Victoria Atkinson White: How to cultivate conditions for "givers" to excel
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Effective leaders help givers avoid burnout and create institutional cultures where seeking help is the norm, writes the managing director of grants at Leadership Education at Duke Divinity.
It’s better to give than to receive. Or is it?
According to Adam Grant and his New York Times best-seller “Give and Take: Why Helping Others Drives Our Success,” the world is made up of three kinds of people: givers, takers and matchers.
Givers are others-focused and do not expect anything in return for their generosity. Givers freely offer their time, energy, resources and connections.
Takers see their needs as more important than others’ and the world as competitive. Takers will help others, but they do so strategically, to ensure that they reap the greatest benefit.
Matchers value fairness and work toward an equality of giving and taking. They operate with a “you scratch my back and I’ll scratch yours” mentality.
In ministry, many of us pride ourselves on being givers. We claim we are called to give, citing the Bible: “Do unto others” and “From whom much is given, much is expected.” We take courses in seminary on how to give pastoral care and give a good sermon. Ministry is about giving, right?
Givers often sacrifice themselves to make their organizations better. Grant writes that the more often people are helping, teaching, sharing and mentoring, the better their organizations do in every measurable metric. This sounds like the narrative we tell ourselves in pursuit of “success” in ministry. We call it “sacrifice for the greater good.”
But before you classify yourself in what sounds like the category of champions, you might be surprised to learn that across a vast span of occupations, givers themselves consistently rank among the least successful people. On average, givers earn less money, are less powerful and are more likely to be victims of crime.
So what does this say for those of us who feel called to give of ourselves for the sake of others?
Grant’s research continues to surprise. While givers fall at the bottom of the success ladder, they also stand at the top. The workers who are the most productive in both quality and quantity are givers. They create on average up to 50 percent more revenue than takers or matchers.
The question then becomes: How do leaders cultivate the conditions for the givers in their organizations to excel? How do we help them rise and stay at the top of the success ladder rather than drop to the bottom? Grant has some suggestions.
First, help givers avoid burnout. Constantly helping others can be time-consuming and energy-depleting. Grant writes that through entrepreneur Adam Rifkin’s notion of the “five-minute favor,” givers can build rich collaborative networks and maintain healthy boundaries. We can teach our givers to ask, “How can I add value to someone’s life in five minutes or less?”
This idea has dramatically changed the way I spend my time in airports and on airplanes. While I used to pack books and magazines to read in short time spurts, I now strategically use my travel time for five-minute favors.
At my airport gate, I pull out a running list of people and ideas I want to remember. Who among my acquaintances would benefit from being connected? I introduce them via email. Who deserves or needs to be noticed? Sometimes I write an email, but more often, because it is a fading art form, I write a note and mail it. (All airports have mail slots!) What resources do I know about -- grants, scholarships, programs, events -- that would benefit those I just visited? What have I learned recently that should be shared with others? Emails and social media posts, likes and shares are quick and effective ways to communicate these simple connections.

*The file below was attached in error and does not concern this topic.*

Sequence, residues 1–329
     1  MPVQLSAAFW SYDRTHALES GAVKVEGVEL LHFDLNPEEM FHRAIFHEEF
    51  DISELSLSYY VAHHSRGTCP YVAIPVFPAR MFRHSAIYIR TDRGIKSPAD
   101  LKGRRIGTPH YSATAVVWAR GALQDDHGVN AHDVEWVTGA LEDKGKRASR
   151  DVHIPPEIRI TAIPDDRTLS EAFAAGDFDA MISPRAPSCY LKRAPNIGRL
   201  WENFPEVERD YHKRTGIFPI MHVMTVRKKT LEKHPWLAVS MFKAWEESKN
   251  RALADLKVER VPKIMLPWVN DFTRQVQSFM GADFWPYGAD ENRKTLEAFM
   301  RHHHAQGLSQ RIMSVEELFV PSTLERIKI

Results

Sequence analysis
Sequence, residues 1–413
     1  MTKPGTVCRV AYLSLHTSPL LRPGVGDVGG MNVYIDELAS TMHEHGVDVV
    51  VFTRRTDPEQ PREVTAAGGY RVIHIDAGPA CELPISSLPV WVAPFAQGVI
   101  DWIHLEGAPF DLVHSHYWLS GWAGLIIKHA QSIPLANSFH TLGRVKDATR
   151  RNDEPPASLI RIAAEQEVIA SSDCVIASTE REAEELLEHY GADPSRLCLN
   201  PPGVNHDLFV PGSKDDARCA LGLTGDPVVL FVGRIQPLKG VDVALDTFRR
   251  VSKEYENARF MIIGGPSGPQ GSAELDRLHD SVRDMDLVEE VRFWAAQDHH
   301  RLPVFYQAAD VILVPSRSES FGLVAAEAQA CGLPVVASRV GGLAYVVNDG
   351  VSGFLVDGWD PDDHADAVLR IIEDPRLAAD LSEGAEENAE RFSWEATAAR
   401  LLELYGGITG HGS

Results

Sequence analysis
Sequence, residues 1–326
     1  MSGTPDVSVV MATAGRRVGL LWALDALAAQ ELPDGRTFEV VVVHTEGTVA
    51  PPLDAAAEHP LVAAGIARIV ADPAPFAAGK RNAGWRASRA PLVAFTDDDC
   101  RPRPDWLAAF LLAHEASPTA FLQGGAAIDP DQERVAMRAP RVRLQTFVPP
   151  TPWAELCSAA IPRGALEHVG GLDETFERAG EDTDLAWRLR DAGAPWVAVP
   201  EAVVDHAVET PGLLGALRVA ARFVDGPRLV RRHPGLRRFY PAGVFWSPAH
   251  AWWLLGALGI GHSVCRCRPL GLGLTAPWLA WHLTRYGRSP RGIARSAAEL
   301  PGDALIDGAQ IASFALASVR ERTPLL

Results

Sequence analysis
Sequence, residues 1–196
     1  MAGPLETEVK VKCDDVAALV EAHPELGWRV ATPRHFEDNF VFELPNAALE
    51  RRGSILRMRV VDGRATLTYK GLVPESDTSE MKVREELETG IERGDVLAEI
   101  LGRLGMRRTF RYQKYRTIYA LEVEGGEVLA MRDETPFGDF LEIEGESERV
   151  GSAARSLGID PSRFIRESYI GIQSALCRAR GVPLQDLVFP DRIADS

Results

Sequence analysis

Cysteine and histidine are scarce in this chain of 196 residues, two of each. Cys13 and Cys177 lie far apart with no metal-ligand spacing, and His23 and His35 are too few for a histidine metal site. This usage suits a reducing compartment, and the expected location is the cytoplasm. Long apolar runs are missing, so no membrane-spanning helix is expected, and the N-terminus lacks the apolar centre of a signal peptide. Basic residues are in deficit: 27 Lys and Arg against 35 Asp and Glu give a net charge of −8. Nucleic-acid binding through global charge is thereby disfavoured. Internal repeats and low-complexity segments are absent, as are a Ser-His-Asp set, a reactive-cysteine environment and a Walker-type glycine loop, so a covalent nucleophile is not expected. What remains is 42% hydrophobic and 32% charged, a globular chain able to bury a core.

Second, Grant suggests that leaders cultivate a culture of seeking help. Organizations where asking questions and seeking help are the norm have more givers.
I recently visited a church where the pastor urged congregants to hold the offering plate a moment before passing it on to the next person -- even if we didn’t have a contribution to put in. “These plates are symbols of the way we see ourselves and our resources in this community,” he said. “These plates are not only for those who give; they are for those who receive, because as followers of Jesus Christ, we are called to do both.”
When the plate came to me, I felt its weight, not because of the overflowing gifts within it, but because I felt the conviction of needing to become a better receiver so that I might in turn become a better giver.
I am working on this.
I recently had the privilege of holding a baby at an event I was co-facilitating. It was the first time the baby’s young mother had left the house since giving birth, and she was nervous about how to handle all the details of traveling with an infant and trying to be fully present at an event. It was an enormous treat for me to get to hold, rock and feed this beautiful baby so her mom could receive a few hours of intellectual stimulation, feedback and socialization. While the mother felt that I was giving her a tremendous gift, I felt that I was the one who received. But the cycle was not complete.
The next day, she texted and asked what I would like from Starbucks. My gut reaction was to thank her and tell her I was fine, that the last thing she needed was to leave her house five minutes early or spend money on me. And then I thought about the offering plate. I texted her back and later enjoyed the best skinny vanilla latte I have ever tasted. She gave; I received. We were both happy.
Givers are critical to an organization’s success and healthy relationships. Christian institutional leaders must cultivate the conditions for givers to thrive, in a culture of generative giving and receiving.